Oracene Price

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Oracene Price
Born (1952-04-03) April 3, 1952 (age 65)
Saginaw, Michigan, U.S.
Coaching career (1994–)
Coaching achievements
Coachee Singles Titles total 49(V)-71(S) (120 titles)
Coachee(s) Doubles Titles total 21(S-V)-2(V)-5(S) (28 titles)
List of notable tournaments
(with champion)
Coaching awards and records
Records

Oracene Price (born Brandy Price, April 3, 1952) is an American tennis coach. She is best known for being the mother of Venus and Serena Williams, regarded among the best female tennis players of all time. She is the former wife of Richard Williams, whom she divorced in 2002.

Biography[edit]

Price was born in Saginaw, Michigan, in 1952. Her father was an automotive worker.[citation needed] She graduated from Buena Vista High School in 1970 and from Western Michigan University.[citation needed] She has three daughters from a previous marriage with Yusef Rasheed: Yetunde Price (1972-2003),[1] who was a former beauty salon owner and registered nurse; Lyndrea Price, a Web designer; and Isha Price, a lawyer. After Rasheed's death, while working as a nurse, Oracene married Richard Williams and had two more daughters, Venus Williams and Serena Williams. Both Venus and Serena are high-ranked professional tennis players who have won numerous Grand Slam tournaments. She helped her husband as he began coaching Venus and Serena in tennis. The Williams family moved to Florida on the offer of Rick Macci to coach their daughters for free.[2][3]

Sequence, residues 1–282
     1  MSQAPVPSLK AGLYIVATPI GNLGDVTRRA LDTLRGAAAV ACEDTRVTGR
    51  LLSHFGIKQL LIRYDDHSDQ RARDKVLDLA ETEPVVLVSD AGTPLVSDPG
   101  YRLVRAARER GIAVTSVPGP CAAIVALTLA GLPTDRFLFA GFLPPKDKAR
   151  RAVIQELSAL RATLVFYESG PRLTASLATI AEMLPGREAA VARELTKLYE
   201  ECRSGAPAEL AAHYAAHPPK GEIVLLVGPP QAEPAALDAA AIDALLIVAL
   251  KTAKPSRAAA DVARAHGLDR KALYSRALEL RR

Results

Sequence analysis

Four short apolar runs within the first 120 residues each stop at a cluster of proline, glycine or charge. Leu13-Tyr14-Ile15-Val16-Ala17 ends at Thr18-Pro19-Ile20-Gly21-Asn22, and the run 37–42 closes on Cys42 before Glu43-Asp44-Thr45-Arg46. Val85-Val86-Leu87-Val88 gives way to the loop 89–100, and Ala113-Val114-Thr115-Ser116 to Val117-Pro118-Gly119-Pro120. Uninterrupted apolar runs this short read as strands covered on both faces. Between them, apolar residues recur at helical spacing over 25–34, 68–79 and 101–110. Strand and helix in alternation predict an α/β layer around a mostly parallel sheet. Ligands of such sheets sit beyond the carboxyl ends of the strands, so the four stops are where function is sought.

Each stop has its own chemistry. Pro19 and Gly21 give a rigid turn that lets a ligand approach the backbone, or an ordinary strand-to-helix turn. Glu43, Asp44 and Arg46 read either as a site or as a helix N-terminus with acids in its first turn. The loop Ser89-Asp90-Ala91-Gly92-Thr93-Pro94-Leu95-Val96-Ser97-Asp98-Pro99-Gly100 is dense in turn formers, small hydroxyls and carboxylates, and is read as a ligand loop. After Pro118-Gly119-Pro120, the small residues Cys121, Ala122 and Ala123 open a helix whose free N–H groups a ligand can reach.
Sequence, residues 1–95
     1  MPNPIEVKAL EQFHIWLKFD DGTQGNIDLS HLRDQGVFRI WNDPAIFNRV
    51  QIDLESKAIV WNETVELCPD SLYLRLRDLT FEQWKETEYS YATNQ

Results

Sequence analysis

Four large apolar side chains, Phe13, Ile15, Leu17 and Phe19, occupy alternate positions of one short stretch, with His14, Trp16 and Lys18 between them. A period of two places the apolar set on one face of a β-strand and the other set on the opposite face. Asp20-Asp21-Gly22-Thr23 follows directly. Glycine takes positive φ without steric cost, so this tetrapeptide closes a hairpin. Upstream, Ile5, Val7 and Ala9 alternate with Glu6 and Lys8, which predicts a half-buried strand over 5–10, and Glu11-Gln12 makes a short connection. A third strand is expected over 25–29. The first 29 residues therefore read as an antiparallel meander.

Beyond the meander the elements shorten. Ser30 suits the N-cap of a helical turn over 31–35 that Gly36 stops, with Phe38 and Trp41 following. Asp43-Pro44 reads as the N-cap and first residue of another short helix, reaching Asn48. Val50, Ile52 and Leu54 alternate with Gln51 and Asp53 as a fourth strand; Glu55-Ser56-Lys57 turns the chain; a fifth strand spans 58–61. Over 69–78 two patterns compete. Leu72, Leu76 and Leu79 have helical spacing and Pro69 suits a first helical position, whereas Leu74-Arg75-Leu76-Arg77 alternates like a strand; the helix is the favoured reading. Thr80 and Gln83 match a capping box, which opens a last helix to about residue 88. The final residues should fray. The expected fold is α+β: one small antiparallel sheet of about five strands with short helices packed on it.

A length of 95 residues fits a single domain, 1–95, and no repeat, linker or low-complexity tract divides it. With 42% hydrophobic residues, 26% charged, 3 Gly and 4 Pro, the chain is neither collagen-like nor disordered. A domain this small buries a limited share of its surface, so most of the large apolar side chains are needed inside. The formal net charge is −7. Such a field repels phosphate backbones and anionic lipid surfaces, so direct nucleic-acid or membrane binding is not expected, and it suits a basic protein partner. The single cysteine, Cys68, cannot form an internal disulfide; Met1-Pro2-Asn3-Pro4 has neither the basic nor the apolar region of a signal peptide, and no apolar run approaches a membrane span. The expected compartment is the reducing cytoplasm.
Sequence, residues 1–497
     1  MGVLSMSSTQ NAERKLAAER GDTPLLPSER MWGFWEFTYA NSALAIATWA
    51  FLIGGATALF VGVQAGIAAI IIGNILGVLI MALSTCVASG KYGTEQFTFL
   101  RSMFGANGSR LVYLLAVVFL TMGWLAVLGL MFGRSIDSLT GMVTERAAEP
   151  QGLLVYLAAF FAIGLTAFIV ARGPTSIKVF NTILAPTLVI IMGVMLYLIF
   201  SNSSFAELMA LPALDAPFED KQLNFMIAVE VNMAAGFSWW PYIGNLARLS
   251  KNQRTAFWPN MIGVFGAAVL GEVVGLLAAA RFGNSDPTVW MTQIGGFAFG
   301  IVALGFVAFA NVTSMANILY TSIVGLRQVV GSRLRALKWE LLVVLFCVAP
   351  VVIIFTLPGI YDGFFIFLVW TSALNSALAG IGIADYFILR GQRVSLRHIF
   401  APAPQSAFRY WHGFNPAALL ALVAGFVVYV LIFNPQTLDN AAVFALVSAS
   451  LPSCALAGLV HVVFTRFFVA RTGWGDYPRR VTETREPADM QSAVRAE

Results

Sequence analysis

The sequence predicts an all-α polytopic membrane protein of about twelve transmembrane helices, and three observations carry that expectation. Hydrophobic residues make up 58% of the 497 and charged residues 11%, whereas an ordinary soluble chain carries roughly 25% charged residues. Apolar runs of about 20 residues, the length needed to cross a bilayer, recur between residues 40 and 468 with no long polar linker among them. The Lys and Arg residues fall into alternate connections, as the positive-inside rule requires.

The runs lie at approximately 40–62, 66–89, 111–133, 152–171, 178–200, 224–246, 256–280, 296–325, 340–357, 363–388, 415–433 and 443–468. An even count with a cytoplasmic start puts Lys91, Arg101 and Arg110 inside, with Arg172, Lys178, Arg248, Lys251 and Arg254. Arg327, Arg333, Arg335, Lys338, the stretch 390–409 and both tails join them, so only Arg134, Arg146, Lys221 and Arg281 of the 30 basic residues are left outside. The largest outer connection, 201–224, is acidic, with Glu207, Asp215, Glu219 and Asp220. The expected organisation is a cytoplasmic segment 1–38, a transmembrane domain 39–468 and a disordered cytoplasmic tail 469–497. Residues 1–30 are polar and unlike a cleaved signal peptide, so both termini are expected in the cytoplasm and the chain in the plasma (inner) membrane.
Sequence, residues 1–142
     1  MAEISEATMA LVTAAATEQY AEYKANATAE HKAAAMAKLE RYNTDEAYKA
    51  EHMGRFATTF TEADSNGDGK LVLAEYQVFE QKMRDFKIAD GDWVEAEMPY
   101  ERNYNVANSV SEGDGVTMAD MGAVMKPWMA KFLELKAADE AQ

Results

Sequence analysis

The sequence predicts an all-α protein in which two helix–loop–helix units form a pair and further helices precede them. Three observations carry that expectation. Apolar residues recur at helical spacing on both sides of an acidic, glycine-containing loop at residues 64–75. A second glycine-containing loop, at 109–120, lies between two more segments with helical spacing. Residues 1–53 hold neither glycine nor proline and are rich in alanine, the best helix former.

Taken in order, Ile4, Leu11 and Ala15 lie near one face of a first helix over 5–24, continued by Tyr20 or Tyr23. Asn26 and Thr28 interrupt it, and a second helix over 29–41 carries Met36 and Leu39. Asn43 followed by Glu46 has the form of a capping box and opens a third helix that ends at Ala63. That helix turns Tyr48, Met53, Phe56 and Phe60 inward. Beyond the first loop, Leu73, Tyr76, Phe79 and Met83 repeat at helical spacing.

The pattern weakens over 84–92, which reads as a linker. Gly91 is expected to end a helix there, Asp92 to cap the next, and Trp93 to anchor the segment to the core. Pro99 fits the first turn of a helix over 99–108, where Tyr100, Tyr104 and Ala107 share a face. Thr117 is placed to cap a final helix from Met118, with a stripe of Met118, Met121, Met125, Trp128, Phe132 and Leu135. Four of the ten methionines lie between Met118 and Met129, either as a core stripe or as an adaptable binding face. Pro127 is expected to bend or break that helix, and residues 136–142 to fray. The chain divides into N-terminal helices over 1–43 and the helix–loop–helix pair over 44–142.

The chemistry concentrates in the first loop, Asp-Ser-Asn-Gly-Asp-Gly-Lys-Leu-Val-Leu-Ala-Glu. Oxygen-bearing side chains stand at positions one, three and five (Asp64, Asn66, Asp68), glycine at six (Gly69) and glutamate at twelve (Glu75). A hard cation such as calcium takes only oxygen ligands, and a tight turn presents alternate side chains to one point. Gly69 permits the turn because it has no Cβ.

By the end of 2000, Price was no longer living with her husband Richard Williams and, citing irreconcilable differences, they divorced in 2002. She subsequently reverted to her maiden name of Price.[4][5]

During a semifinal match between Serena and Justine Henin at the 2003 French Open, Williams was booed by fans after a complaint about a line call. Price believes that the boos were motivated by race, saying "We, as black people, live with this all the time. It's all about control."[6] Tennis journalist and author L. Jon Wertheim has said of Price, "You have to respect anyone incapable of gloss or spin (i.e., unwilling to lie)."[7] At the Indian Wells tournament in 2001, controversy resulted when Venus withdrew from a semifinal match with Serena, who was then booed during the final and trophy presentation.

Price describes herself as a deeply spiritual woman.[8] Price also has described herself as being a "rampant feminist" when dealing with what she believes to be the overly sexualized images of women in the media.[9]

She has traveled to Africa with her daughter Serena for charity work to help in the construction of schools particularly in Senegal.[8]

Coaching and guiding[edit]

Price's coaching has arguably been overshadowed by her role as mother, but as a coach she has been called underappreciated.[10] Price is not a coach in a traditional sense (though she did learn tennis herself to help teach her daughters the technical aspects of the game) and is instead credited, along with Richard Williams, in keeping her daughters focused and disciplined and for helping to build a solid foundation of self-esteem and outside interests for her daughters.[11]